Comparing Kant On Morality And Punishment

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On the topic of morality, and what moral values we ought to posses, philosophers Jeremy Bentham and Immanuel Kant hold very contrasting views, as well as contrasting views on punishment. The concept of punishment, and what is considered appropriate in terms of what crime has been committed varies drastically throughout the world. Different governments view crimes differently, and one topic that causes major controversy is the ultimate punishment, the death penalty. Though both Kant and Bentham advocate their views on morality in a clear way, it seems as though Bentham's utilitarian view of morality in regards to the law and punishment is more accepted in society.

Jeremy Bentham was an eighteenth century English philosopher that has been
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Kant believed that one's morality must be based upon a sense of care for others, as well as a common sense of what is morally right. Kant felt as though morality must be applicable to all members of society, regardless of what religious group one belongs to, and that religion should not be associated with morals; one that is weak in faith is not necessarily of bad morals. Kant believed that the government should not act in a paternalistic fashion towards members of society, stating that “[In a] paternalistic government, the subjects [are seen] as immature children who cannot distinguish what is truly useful or harmful to themselves, would be obliged to behave purely and passively and to rely upon the judgement of the head of state” (Rosen & Wolff, 2012, p. 12). Therefore, the government should not have an overly involved role in telling members of society what rules to abide by, as they already have basic a moral understanding of what is right and what is wrong. Kant believed that all decisions are made with the desired outcome in mind; therefore, if one desires to live a happy and successful life, one will carry out the necessary actions in achieving the desired lifestyle. In regards to morality, Kant argued that all members of society must abide by what is morally right, without any exception. Even if one wishes to break the moral code with good faith, they must not …show more content…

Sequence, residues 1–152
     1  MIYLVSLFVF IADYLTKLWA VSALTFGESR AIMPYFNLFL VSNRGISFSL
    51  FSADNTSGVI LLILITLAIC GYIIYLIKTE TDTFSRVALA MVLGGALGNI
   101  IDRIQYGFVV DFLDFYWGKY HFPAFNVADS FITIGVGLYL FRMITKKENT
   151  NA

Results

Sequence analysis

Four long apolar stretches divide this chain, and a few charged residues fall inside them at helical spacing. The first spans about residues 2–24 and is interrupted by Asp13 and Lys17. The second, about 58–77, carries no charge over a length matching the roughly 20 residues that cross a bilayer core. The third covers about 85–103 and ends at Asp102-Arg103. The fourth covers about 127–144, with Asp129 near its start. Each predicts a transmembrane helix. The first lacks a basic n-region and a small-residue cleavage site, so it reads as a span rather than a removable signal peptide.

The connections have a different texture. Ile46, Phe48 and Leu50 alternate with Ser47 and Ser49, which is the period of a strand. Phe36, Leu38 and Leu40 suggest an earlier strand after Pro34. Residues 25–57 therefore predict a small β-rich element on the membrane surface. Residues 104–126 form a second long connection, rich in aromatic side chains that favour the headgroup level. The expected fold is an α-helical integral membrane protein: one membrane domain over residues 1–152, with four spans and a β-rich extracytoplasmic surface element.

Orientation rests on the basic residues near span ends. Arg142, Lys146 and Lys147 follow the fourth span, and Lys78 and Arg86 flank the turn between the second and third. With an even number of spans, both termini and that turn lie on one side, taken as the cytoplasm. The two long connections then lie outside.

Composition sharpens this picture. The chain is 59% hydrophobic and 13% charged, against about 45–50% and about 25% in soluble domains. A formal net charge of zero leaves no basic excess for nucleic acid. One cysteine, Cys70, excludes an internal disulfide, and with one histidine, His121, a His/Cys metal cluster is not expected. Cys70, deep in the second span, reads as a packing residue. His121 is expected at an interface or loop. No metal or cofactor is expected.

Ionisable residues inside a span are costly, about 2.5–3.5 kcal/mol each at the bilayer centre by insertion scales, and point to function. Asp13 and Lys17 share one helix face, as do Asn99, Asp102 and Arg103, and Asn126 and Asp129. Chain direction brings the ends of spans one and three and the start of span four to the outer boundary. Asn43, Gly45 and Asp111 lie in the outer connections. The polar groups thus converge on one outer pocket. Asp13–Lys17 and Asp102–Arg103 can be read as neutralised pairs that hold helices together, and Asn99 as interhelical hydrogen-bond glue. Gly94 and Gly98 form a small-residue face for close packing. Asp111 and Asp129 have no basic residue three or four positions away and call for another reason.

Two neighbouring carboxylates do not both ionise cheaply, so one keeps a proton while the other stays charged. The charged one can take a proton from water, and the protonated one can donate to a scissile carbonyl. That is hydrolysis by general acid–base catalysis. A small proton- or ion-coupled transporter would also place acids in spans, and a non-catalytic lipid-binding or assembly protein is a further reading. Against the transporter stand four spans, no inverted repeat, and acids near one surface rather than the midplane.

Realistically, not all members of society follow the same set of morals, therefore it is possible for there to be discrepancies between what one person regards as suitable behaviour, and what another person may deem inappropriate. However, both Bentham and Kant agree that individuals must make decisions based upon what the desired outcome is. Therefore, if individuals in society desire peace and safety, they must avoid disrupting social order by not committing crimes or behaving in a way that would cause others harm. Bentham, however further believes that any action that will serve and benefit the majority should be taken, even if it means going against what is thought to be morally right. This means that if an action is taken in good faith, and the desired outcome positive and beneficial to society, it must be taken, even if that means that a member of that society is harmed in doing so. If it will serve the greater good, then any action is permissible. Kant, however believes that never, under any circumstances, must one go against what is morally right. Even if an action such as lying or causing an individual harm is taken for the benefit of society, it is not okay. Bentham's utilitarian views on punishment better serve society as government

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